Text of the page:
How to Write a Novel Step 1: Story Ideas

Hi there! Before I dive into the topic for this week, a little personal update.

It’s been a couple of weeks, I know, (I’m learning I’m pretty bad at sticking to a blogging schedule) but not only is Seregn’s edit finished, and the blurb, but now I’m simply waiting for the formatting to be completed and to get into the cover design!

It’s on it’s way! This also means that I feel as though I can more fully devote my writing time (what little there seems to be at the moment) to thinking up new story ideas.


Now, this is a unique opportunity. I’ve written a book and am in the process of publishing it. I’ve proven to myself – and others – that I’m capable of doing this (and, hopefully, doing this well). And I’ve learned so, so much. It’s actually crazy to stop and consider how far I’ve come since deciding to write my first book, and where this process has taken me. That said, Seregn is just one book. And there’s still so much to learn.

I have to write more.

So, I thought it was about time I bring others on this adventure with me. That’s right – we’re going to write our books together.

I don’t know how long it will take, or what will happen along the way. But, God willing, I will write and publish another book. And the whole process – from start to finish – will be right here.

So, follow along with me! As I move from phase to phase of the process, I’ll be chronicling my thoughts, tips, and struggles right here.

One disclaimer: I’m a plotter. I like to do my story brainstorming at the start, and develop the story fairly thoroughly before setting the proverbial pen to paper. But, if you’re a discovery writer, please don’t leave! I’m sure there will still be some good nuggets to take away. I’d love to hear about your process!

So, without further ado, here is Part 1: Story Ideas.

Coming up with story ideas

I think there’s a bit of a misconception among the public, that authors seem to be these magical people with all these big stories in their head. As I’ve talked about before, this is not the case for me. Over time I have developed or thought up characters or concepts that came naturally and comfortably. But certainly not fully-fledged stories. I’ve never had a story pop into my head from start to finish.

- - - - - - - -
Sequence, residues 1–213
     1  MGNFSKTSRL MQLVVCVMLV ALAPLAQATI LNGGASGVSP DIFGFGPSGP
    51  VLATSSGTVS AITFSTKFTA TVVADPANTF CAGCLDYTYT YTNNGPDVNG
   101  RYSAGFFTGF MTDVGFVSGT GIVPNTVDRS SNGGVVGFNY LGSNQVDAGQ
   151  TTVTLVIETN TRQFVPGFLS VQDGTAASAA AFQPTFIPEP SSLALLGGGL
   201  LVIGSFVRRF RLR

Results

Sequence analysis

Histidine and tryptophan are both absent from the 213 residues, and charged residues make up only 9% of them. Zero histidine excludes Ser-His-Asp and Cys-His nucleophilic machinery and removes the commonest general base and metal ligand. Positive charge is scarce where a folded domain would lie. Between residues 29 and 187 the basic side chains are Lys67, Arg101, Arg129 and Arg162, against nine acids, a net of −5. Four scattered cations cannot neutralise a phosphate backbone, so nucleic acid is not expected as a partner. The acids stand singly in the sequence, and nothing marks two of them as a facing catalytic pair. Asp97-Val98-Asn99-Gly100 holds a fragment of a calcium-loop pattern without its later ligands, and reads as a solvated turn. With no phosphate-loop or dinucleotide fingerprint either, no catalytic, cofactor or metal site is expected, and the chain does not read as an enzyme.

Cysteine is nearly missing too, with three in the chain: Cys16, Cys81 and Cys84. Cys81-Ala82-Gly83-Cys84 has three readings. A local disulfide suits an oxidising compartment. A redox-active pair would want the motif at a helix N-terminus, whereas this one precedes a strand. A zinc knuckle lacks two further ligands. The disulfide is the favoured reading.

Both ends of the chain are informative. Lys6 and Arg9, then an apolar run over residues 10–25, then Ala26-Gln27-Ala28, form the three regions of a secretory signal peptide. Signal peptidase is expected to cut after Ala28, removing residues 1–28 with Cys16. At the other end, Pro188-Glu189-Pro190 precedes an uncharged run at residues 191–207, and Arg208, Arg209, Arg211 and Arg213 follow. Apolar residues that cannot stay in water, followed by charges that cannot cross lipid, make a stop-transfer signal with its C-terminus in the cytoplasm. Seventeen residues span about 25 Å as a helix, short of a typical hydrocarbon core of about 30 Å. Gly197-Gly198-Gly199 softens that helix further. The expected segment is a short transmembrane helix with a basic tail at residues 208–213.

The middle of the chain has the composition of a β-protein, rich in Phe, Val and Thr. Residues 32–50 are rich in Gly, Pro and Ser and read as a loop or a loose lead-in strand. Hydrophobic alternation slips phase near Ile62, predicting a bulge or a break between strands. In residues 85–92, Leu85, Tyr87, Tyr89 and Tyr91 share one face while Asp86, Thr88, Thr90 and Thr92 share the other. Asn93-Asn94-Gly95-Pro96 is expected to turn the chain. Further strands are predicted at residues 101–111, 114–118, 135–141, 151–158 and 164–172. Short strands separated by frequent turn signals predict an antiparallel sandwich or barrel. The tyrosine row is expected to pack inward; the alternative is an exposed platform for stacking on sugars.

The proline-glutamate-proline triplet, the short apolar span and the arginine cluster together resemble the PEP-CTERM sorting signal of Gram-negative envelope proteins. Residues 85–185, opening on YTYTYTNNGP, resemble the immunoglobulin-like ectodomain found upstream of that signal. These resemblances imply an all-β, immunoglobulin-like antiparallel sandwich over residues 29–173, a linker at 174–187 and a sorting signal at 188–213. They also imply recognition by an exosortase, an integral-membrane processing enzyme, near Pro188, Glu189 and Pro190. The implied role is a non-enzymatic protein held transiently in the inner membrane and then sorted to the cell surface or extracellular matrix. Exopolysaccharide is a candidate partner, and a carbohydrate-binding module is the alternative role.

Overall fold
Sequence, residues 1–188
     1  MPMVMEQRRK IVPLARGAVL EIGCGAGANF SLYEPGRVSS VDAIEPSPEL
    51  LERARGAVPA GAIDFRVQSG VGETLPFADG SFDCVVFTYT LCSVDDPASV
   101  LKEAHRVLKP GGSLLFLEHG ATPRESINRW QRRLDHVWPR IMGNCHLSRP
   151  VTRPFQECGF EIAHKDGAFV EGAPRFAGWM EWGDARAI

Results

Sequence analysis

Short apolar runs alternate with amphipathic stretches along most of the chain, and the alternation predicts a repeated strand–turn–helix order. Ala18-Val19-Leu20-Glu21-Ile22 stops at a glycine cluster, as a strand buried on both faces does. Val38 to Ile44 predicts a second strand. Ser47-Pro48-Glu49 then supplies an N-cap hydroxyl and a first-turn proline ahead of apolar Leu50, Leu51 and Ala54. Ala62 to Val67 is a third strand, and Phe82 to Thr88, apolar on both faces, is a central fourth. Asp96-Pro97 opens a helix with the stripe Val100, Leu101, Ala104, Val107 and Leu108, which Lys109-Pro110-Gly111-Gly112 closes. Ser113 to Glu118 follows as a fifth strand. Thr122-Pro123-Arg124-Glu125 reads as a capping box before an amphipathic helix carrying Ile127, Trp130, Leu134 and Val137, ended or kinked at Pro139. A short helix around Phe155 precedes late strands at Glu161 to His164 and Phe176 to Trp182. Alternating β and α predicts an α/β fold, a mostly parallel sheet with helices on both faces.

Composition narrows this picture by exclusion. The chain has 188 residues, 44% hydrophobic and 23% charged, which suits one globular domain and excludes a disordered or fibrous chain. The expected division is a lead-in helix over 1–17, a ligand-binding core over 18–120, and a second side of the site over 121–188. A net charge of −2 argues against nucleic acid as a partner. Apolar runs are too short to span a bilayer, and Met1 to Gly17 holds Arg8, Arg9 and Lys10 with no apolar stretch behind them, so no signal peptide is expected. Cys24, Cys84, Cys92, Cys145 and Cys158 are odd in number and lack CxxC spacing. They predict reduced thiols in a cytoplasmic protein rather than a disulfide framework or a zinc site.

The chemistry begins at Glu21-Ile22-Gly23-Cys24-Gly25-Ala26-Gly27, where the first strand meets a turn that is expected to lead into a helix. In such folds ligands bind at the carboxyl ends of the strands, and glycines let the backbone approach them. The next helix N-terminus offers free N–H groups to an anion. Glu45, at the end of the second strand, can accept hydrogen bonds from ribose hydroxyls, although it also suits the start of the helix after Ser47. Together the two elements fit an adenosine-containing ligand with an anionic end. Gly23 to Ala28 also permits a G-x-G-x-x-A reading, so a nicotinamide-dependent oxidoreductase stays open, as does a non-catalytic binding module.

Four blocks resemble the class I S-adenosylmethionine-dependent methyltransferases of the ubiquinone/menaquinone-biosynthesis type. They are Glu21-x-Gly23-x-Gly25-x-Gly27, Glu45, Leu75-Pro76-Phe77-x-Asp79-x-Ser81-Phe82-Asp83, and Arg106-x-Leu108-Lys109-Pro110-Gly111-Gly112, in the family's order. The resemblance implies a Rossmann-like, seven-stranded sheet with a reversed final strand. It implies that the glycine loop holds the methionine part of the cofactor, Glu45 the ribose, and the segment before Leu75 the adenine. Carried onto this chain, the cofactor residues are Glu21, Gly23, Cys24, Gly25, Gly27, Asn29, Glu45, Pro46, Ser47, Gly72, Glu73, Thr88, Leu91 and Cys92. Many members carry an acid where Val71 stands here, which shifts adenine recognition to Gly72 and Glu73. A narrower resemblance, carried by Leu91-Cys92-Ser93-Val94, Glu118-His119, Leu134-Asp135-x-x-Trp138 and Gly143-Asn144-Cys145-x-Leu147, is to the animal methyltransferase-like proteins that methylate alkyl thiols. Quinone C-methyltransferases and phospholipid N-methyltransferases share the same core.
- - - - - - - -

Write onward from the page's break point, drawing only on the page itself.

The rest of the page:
So, how to come up with enough ideas to put a story together?

In his book, The Anatomy of Story, author and screenwriter John Truby says one of the best things you can do as an aspiring author is write down a ‘wish list’ (everything you’d like to see in a story) and a ‘premise list’ (every story idea you’ve ever had, every character, every scene, every setting, every theme). Then, also write out all the things that mean the most to you. From there, you can start looking for common ground, patterns, and pull out the heart of what you as an individual uniquely bring to the table as an author.

So, why not start there? Write out anything and everything that you’ve ever thought would be a good story, or element in a story. All the things that are important to you.

Author and editor C.S. Lakin describes four cornerstones of story in her book, The Twelve Key Pillars of Novel Construction. They are: Concept with a Kicker, Protagonist with a Goal, Conflict with High Stakes, and Theme with a Heart. Essentially, you have a cool idea with a motivated protagonist, meaningful stakes, and an insightful theme woven through.

Putting these two ideas together, I think, is a brilliant way to start thinking about what you want to write about. To be honest, I think these four areas C.S. Lakin discusses are often where people will have the seed of a story – either a character that comes to them, or a cool concept, or a theme that really matters to their hearts.

So, if you want to write a book but have no idea what about, here are some questions to start asking yourself: